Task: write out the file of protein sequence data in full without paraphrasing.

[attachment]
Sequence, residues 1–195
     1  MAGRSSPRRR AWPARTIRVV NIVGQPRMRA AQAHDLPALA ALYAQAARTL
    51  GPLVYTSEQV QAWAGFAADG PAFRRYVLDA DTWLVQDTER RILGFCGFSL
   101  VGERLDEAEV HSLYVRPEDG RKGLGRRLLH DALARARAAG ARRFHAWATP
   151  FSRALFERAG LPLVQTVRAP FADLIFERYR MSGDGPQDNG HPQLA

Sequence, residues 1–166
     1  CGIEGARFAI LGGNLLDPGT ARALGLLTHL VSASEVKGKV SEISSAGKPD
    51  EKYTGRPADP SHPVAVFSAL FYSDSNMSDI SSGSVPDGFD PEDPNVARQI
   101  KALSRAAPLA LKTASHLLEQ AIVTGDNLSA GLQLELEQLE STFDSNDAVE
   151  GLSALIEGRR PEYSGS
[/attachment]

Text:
Sequence, residues 1–195
     1  MAGRSSPRRR AWPARTIRVV NIVGQPRMRA AQAHDLPALA ALYAQAARTL
    51  GPLVYTSEQV QAWAGFAADG PAFRRYVLDA DTWLVQDTER RILGFCGFSL
   101  VGERLDEAEV HSLYVRPEDG RKGLGRRLLH DALARARAAG ARRFHAWATP
   151  FSRALFERAG LPLVQTVRAP FADLIFERYR MSGDGPQDNG HPQLA

Sequence, residues 1–166
     1  CGIEGARFAI LGGNLLDPGT ARALGLLTHL VSASEVKGKV SEISSAGKPD
    51  EKYTGRPADP SHPVAVFSAL FYSDSNMSDI SSGSVPDGFD PEDPNVARQI
   101  KALSRAAPLA LKTASHLLEQ AIVTGDNLSA GLQLELEQLE STFDSNDAVE
   151  GLSALIEGRR PEYSGS